Effective Email Delivery: Technical Setup, Strategies, and Best Practices

Believe it or not, most sales ops teams don't invest much into making sure their team's emails make it to the inbox. That's why today, we're talking about email deliverability and how to create the right email technical setup for your needs.

The average sales rep sends 36.2 emails a day. If my math is correct, that means the average rep sends exactly 181 emails a week, roughly 760 emails a month, and more than 9,000 emails a year. That's a whole lotta email!

Unfortunately, none of it matters if the emails you send don't land in your target recipient's inbox. So, today we're going to talk about effective email deliverability.

I'll admit, it's not the sexiest topic. But if you get it right, your sales numbers will improve, your commission checks will get fatter, and your career will hit the next level—which is all very sexy.

I recently talked to Vaibhav Namburi, the Founder of Smartlead, an AI tool that helps users send emails at scale. Email deliverability is the "sweet poison" he's chosen to build his career on, so he's the perfect person to break down this complex subject for us. Let's dive in!

Technical Email Setup: How to Get It Right From Day 1

Have you ever worked in construction? Or watched a construction crew build a new building? Then you know that you can't just nail a couple of boards together and call it a day.

You have to make sure the ground is level, pour a concrete slab, and otherwise ensure the foundation of the structure is sound. Skip these steps, and your building will collapse.

The technical setup process that I'm about to describe is the foundation of your entire cold email strategy. If you build it properly, you'll have a much higher chance of success.


Your Domain Name

Start by getting your domain from a reputable DNS provider. Namburi recommends either GoDaddy or Google domains because "With other providers, without naming names, we tend to realize that their IP addresses sometimes get blacklisted."

If you're unfamiliar with the term, Namburi says that blacklisting is a process "where people mark certain IP addresses and/or domains as spam. As a result, said IP addresses and domains enter into private pools called blacklists, which are checked against email service providers like Gmail and Zoho, and help determine whether your emails land in the primary, promotion, or spam folders of your email recipients' accounts."

Technical Email Setup - Your Domain Name

Your Parallel Domain Name

Once you've chosen a well-respected DNS provider, you need to create a parallel domain, i.e., a domain name that closely resembles your actual domain name. If I were to create a parallel domain name for Close.com, for example, I might go with "GetClose.com" or "TryClose.com."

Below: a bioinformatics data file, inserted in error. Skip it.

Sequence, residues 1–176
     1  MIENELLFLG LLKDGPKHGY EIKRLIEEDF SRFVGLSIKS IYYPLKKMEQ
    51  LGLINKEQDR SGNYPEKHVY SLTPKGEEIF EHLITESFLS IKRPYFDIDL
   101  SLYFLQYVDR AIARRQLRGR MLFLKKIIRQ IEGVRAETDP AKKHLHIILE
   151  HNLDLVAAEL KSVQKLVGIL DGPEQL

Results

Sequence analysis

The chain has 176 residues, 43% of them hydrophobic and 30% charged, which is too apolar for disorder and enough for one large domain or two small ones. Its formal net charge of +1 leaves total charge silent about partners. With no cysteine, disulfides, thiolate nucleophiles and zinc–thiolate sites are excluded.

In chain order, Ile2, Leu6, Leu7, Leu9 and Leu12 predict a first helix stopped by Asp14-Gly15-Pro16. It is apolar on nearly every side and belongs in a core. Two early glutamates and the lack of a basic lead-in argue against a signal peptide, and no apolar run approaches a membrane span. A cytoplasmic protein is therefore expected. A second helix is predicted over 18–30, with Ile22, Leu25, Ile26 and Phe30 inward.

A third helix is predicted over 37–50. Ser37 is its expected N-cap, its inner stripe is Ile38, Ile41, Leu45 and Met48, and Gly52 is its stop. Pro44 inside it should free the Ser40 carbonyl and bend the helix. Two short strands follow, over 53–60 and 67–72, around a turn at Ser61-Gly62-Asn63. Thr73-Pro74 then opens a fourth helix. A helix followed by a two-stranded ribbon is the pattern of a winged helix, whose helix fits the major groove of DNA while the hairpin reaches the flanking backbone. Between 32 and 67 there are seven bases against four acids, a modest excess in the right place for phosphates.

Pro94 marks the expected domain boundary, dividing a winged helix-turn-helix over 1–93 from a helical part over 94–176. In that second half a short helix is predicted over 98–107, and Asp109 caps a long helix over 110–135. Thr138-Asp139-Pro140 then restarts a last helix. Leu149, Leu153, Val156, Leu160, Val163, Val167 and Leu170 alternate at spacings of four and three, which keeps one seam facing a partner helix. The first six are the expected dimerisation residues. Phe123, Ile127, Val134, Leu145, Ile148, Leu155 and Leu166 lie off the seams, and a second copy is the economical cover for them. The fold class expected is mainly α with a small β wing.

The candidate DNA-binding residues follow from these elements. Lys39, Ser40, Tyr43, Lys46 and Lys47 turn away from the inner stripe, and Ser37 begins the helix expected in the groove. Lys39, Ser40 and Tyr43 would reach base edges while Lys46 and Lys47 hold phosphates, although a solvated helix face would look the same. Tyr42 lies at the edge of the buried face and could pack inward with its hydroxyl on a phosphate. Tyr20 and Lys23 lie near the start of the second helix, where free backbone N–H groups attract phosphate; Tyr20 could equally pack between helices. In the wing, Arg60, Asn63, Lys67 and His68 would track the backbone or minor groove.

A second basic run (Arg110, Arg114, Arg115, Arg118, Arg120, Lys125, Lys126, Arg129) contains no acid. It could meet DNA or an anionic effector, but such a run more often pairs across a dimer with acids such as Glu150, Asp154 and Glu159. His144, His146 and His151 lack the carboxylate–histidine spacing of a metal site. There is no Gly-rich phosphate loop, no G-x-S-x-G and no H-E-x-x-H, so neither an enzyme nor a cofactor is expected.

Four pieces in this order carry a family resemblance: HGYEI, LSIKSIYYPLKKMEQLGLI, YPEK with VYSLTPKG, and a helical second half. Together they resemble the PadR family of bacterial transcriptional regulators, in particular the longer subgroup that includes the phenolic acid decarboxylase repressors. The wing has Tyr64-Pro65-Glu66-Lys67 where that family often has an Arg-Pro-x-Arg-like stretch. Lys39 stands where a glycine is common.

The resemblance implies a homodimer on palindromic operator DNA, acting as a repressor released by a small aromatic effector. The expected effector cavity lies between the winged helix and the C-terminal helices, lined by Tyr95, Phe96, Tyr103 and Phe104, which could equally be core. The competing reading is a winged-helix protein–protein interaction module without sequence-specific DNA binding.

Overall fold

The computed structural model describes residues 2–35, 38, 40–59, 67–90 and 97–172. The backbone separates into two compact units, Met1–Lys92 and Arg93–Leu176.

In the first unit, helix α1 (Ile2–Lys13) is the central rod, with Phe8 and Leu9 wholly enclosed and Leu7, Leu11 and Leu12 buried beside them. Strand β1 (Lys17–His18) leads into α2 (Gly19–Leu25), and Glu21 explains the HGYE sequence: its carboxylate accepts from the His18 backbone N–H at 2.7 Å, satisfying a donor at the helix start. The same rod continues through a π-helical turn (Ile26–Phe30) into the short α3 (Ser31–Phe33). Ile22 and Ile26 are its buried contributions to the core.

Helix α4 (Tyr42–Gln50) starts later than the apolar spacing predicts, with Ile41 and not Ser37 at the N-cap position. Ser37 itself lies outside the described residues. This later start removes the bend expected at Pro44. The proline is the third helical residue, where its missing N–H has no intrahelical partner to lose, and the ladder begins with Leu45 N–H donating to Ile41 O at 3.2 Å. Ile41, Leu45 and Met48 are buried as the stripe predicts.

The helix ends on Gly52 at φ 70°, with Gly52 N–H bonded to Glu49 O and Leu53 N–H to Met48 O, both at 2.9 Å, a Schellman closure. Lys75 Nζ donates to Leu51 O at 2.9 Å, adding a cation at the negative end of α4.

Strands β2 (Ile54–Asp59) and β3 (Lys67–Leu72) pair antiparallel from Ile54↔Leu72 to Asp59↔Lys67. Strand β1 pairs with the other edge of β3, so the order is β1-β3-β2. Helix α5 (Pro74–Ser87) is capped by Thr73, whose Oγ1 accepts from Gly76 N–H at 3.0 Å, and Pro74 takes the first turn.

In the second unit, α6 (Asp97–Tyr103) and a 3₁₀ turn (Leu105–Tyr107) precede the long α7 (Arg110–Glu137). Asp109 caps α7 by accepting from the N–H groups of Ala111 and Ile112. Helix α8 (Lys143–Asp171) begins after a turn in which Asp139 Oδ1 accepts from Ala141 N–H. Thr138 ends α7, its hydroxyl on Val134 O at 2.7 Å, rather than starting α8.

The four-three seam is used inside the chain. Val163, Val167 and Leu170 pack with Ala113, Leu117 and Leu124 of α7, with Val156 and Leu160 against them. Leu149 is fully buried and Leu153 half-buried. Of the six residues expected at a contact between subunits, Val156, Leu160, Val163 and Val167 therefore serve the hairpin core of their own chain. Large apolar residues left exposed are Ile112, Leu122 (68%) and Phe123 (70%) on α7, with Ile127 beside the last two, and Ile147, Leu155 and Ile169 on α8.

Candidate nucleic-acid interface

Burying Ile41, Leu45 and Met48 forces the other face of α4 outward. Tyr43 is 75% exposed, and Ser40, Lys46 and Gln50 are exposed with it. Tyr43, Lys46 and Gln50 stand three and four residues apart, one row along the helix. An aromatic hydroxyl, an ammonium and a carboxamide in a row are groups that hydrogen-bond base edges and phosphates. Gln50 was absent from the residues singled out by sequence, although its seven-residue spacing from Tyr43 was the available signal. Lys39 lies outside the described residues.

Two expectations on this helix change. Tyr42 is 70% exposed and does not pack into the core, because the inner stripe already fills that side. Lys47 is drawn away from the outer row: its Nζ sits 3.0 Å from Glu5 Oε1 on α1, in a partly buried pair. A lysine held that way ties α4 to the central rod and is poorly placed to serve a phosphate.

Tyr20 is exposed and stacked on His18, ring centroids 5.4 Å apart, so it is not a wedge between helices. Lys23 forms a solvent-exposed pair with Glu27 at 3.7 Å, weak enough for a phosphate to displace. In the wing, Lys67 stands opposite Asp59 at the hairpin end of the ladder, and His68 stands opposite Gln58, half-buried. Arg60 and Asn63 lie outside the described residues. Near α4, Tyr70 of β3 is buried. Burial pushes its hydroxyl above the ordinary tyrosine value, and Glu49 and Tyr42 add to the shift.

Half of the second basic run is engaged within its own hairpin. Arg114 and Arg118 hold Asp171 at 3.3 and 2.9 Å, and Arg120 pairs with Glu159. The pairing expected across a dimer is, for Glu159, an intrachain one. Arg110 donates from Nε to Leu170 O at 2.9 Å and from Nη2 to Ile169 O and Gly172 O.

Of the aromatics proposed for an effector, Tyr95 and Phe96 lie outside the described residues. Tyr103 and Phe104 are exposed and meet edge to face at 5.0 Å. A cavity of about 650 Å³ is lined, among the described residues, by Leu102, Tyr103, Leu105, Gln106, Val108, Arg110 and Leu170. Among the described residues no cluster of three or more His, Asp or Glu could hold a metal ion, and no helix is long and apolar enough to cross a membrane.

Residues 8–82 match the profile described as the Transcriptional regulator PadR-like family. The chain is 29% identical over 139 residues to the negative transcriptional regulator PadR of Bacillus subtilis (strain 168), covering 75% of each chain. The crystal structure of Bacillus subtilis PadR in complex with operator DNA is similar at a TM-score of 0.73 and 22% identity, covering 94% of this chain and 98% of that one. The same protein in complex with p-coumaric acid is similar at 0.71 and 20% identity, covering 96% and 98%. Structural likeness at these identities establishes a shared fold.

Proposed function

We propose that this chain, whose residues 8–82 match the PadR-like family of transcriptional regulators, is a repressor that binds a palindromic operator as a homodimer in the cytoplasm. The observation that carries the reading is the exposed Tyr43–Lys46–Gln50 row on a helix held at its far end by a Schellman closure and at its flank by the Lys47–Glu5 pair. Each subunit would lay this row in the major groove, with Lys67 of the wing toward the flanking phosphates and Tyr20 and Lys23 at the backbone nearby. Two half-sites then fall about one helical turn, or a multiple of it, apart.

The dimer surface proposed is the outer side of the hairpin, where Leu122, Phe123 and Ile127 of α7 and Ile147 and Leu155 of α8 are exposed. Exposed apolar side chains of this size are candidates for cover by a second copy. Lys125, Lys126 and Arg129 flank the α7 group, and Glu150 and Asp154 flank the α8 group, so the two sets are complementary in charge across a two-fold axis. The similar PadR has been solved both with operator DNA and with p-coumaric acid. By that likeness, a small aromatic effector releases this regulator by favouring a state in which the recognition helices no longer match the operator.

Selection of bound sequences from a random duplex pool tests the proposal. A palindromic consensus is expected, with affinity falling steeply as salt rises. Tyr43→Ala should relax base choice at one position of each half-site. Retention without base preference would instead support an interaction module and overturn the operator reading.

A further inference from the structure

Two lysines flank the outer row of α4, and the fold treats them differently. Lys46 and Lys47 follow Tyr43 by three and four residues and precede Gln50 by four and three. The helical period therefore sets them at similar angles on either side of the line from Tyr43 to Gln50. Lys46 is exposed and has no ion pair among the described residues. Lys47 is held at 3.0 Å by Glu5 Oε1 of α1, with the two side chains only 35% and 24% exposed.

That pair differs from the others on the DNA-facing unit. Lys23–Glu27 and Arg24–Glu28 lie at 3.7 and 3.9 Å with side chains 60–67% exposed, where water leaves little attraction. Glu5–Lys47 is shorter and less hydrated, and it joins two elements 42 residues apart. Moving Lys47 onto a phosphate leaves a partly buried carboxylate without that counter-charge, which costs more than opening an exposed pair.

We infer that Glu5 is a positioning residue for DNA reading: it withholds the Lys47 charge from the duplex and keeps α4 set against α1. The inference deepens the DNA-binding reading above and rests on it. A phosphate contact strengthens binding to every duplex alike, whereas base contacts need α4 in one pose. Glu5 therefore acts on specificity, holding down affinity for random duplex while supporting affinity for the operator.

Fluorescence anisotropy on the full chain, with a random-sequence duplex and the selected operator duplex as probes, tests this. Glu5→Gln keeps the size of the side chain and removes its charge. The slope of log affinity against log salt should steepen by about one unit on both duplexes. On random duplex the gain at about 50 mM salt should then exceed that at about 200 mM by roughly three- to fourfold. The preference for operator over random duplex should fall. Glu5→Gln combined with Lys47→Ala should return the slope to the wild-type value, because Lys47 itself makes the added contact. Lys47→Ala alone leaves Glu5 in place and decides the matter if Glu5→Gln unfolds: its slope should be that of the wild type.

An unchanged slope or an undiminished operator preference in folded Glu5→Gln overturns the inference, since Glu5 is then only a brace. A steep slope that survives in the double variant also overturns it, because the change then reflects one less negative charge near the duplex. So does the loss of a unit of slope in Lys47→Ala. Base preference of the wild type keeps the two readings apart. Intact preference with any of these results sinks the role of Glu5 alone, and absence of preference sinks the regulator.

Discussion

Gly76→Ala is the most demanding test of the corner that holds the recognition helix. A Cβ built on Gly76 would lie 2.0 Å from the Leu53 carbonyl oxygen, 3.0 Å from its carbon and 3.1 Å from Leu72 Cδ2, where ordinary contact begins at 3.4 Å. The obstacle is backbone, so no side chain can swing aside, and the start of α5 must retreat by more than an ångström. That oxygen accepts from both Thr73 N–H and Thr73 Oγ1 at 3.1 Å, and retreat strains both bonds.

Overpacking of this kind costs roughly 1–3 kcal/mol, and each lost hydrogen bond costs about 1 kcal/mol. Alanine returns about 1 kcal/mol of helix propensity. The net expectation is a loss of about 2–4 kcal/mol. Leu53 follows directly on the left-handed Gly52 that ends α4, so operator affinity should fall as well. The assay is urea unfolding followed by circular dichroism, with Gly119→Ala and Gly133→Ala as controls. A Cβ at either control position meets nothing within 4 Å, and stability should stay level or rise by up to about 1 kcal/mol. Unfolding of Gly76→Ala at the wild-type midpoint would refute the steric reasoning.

According to Namburi, “You should never, never, never send cold emails from your primary domain. The reason is simple: even if you're the best cold emailer in the world, you'll never get the reply rate that you would if you're sending emails with the intent of sending emails.”

In other words, when I email a friend or colleague, I'll almost always get a response. Why? Because I'm engaging a person I already have a relationship with in an organic conversation. When I cold email someone, I'm contacting a complete stranger. Chances are, that person won't respond to me because they don't know me. And low reply rates harm deliverability.

To fix this problem, create a parallel domain and cold email people from that address.

Seeking to optimize your B2B cold email strategy? Check out our article about 12 B2B Cold Email Templates to learn how a well-structured b2b cold email template can drive success.

Your Sending Provider

At this point, you've chosen a reputable DNS provider and set up a parallel domain.

Now what? Now it's time to choose your sending provider. There are tons of them out there, but Namburi only recommends three, "Outlook, Gmail, and Zoho."

Just don't put all your email eggs in one provider's basket. Take a distributed approach and use all three of the providers listed above. That way, 40 percent of the cold emails you send come from Outlook, another 40 percent come from Google, and the final 20 percent come from Zoho.

While this may seem like an extreme measure, it's not. By distributing your emails across multiple providers, you'll help ensure your deliverability rate is top-level. When this happens, more of your cold emails will reach their intended recipients, and you'll make more sales. Win!

One more thing: do not create more than three mailboxes per sending provider. The reason is simple: "Unlike SEO, email reputation isn't domain-specific. If one mailbox in an organization gets marked as spam, all mailboxes under that same domain will get marked as spam."

(Note: a mailbox is a specific email address, such as james@close.com or j.urie@close.com.)

4 Steps to Warm Up Your Mailbox

Professional athletes warm up their muscles before they compete in big games. Rockstars warm up their vocal cords before they melt the faces of their adorning fans. And sales reps need to warm up their mailboxes before they send cold emails to potential customers.

Namburi says that warming up your email is "a way of effectively tricking mailboxes into thinking that you are a natural creator and are having normal conversations with people. It's the best way to emulate a healthy email reputation from the beginning.

The question is, how do you go about warming your email? Just follow these four steps:

  1. Start small: You just set up your new email, and you want to message every contact in your CRM. Refrain yourself. Instead, start small. Then gradually increase the number of emails you send per day. Doing so will help you look like a legitimate sender.
  2. Limit email sends: If you want to protect your email reputation, you need to limit the number of outbound messages you send—even after your domain is warmed up. Namburi suggests a maximum of 50 emails a day, per mailbox.